According to the International Committee of the Red Cross (ICRC) in Switzerland, countries must do more to protect women and girls in wartime. This call was made on the tenth anniversary of the UN Security Council’s resolution on women, peace and security.
Resolution 1325 targeted the huge impact of armed conflict on women.
In the Democratic Republic of Congo (DRC,) Colombia and Afghanistan, to name a few, millions of girls and women are systematically targeted as a tactic of war. They are subjected to sexual violence and other injuries. They are often separated from their family members, with little access to food and healthcare.
Women are supposed to be protected in wartime, mainly through the Geneva Convention.
The rules of this convention are violated to the extreme. The DRC is one prime example of this violation. Countries that ratified the Geneva Convention are supposed to ensure that these violations do not take place, but the reality is another story.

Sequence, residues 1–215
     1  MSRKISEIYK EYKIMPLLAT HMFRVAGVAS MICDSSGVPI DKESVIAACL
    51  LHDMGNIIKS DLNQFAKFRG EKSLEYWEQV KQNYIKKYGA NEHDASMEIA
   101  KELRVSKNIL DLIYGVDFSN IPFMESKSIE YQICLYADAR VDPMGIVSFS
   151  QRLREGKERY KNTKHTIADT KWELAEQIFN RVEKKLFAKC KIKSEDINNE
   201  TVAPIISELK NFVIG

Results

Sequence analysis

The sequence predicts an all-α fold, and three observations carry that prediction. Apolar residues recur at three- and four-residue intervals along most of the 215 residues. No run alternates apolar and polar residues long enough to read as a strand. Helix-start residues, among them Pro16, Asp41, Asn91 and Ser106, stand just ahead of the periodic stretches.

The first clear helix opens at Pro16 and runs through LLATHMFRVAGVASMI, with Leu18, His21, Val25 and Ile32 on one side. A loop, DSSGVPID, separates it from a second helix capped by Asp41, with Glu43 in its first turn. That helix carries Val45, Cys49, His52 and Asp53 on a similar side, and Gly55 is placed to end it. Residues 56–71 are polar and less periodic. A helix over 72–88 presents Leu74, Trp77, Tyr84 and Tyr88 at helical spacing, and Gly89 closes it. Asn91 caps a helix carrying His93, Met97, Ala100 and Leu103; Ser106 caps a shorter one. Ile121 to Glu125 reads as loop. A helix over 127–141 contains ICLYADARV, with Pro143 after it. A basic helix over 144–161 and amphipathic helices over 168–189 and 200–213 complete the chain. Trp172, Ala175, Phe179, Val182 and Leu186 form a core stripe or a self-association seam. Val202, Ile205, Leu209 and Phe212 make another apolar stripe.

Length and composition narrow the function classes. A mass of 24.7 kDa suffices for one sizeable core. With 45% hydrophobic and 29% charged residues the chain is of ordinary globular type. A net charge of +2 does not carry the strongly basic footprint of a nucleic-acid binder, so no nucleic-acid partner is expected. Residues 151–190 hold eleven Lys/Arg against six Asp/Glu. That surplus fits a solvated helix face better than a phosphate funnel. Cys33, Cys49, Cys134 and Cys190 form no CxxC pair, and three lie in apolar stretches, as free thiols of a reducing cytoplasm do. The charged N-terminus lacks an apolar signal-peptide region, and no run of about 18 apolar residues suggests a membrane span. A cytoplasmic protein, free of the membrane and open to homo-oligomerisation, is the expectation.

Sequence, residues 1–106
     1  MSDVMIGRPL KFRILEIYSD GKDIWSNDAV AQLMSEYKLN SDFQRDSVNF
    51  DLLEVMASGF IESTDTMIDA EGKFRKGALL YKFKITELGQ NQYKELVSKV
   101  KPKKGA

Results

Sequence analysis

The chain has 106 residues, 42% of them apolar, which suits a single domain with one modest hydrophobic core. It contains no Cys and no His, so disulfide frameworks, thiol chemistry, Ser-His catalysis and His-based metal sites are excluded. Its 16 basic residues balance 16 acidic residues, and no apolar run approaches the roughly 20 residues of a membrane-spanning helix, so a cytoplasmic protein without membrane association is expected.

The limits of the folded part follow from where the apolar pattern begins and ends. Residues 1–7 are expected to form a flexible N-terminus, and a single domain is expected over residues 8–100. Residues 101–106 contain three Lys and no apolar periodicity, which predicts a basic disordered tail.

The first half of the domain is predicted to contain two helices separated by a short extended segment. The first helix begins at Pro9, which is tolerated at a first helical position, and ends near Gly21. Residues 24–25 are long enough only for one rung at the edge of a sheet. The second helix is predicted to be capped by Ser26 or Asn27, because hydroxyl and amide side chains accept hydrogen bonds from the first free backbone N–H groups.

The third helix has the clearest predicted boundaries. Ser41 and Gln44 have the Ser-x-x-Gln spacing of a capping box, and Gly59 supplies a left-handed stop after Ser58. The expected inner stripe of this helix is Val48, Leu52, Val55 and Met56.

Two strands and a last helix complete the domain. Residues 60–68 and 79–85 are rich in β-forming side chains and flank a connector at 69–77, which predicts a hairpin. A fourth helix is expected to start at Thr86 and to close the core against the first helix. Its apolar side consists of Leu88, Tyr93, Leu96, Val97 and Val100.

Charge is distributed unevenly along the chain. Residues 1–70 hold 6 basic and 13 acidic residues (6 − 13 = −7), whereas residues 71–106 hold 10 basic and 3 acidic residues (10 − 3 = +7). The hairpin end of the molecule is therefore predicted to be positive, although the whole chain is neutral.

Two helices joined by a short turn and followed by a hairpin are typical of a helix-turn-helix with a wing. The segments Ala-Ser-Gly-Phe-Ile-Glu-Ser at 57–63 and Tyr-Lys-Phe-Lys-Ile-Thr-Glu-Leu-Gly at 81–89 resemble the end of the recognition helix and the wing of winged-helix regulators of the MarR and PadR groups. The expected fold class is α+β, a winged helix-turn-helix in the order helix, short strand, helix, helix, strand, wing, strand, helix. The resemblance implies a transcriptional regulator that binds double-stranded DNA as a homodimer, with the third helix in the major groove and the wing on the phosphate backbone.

This Red Cross release goes on to say that some progress has been made, but there is still a long way to go.
Armed groups must recognize that sexual violence is a war crime and that violators should face punishment. The ICRC does its training and dissemination in the field of international humanitarian law. The ICRC insists that countries fulfill their obligations in the enforcing of this law.
Prevention of war crimes is a key factor. Sexual violence can profoundly disrupt a society even after the conflict ends. Victims can be rejected, cultural norms can be broken, and economic instability can occur.
The ICRC believes that women should be part of the solution to their problems if any success is to be achieved. Countries and aid organizations must see to it that women are involved. Women must not be consigned to the role of passive victims, furthering disempowering them, and therefore excluding them from peacekeeping efforts.